In keeping with their status and position in society, the Pharisee touted there three acts to prove one’s devotion to God: the acts of fasting, giving and prayer.  In this lesson, Jesus issues sharp warnings concerning two acts of the righteousness touted by the Pharisee: the act of prayer and giving.




  1. Giving in Secret (Matthew 6:1-4)

    1. Don’t do your good deed publicly to be admired.

    2. Don’t announce your charitable giving like the hypocrite.

    3. Don’t let your left hand know what your right hand is doing. In other words, don’t toot your own horn when you give.

    4. Give privately, God will reward publicly.

    5. Jesus teachings directly contrast the actions of the Pharisees His hearers would have seen often from the Pharisees.

    6. Giving to be seen rather than from humble submission to God is unrighteous.

    7. Avoid your ego and pride when giving.

    8. Don’t brag.

    9. Give in humility and reverence to God.

  2. Praying in secret (vv. 5-8)

    1. The same secrecy principal is applicable to prayer.

    2. Don’t be like the hypocrite who love to pray publicly or street corners and, in the synagogue, to be seen.

    3. Hypocrites are those who find conspicuous places to stand and pray in order to have others admire their devotion and dedication.

    4. Pray in the privacy of your closet.Go into your secret place to talk to God.He knows what you need before you ask.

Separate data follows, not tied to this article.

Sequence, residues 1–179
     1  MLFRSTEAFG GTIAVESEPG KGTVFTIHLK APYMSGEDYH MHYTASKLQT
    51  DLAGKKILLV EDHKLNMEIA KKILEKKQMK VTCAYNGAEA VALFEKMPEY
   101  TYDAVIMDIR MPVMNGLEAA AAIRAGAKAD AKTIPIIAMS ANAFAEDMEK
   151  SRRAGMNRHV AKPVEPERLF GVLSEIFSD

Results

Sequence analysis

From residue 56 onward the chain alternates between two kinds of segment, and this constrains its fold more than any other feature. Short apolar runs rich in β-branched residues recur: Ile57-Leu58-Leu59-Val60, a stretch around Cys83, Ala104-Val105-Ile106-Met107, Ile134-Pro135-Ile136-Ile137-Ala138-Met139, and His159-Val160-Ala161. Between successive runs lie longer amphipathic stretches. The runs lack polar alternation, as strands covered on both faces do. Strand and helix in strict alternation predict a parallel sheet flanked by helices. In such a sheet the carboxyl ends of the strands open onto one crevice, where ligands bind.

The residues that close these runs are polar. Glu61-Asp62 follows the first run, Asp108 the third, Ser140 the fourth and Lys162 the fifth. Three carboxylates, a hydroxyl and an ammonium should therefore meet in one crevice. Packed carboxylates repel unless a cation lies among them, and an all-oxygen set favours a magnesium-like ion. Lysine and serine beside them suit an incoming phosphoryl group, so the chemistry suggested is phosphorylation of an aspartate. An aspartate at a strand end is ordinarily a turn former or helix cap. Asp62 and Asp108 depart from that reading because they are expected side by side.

5. God will see your secret prayer and reward you.

    6. We should not pray to show others how pious and spiritual we are.

    7. Our prayer should be to glorify and seek God and God alone.

    8. Don’t babble like the Gentiles do. Your Father knows your needs even before you ask.

    9. Don’t pray like the Gentiles using lots of words to try to impress and manipulate.

    10. Our God is omniscient, and He stands ready to answer our prayer because of his love for us.

  3. Word and Concepts to Know

    Figure of speech.  Why do you try to remove the speck of dust from your brothers’ eye when you have a beam in your own eye?

    Tout aggressive attempts to sell something.

    Piety – Devotion to God

    Pharisees – taught that giving, fasting and praying demonstrated devotion to God.

    Alms – What is given to someone for the benefit of a person in need.  Everyone is expected to give alms, however one’s motives and manner of giving counts.

    Getting praise and admiration from others does not show authentic worship or devotion to God.

    One’s manner and attitude in doing a good deed count.

    Sounding a trumpet is a figure of speech or exaggeration to make the point.

    Hypocrites desire a fanfare by looking for praise.

    Jesus cautions that improper motives carry their own reward because the action are acknowledged only by others, thus forfeiting any reward from God.

    Hypocrites are pretenders and or deceiver.  

    Idiom - idiomatic expression

    Conspicuous place – easily seen or notice place.

    Honor God. Esteem to the highest level. When we honor God we do what pleases him.


The Sunday Teacher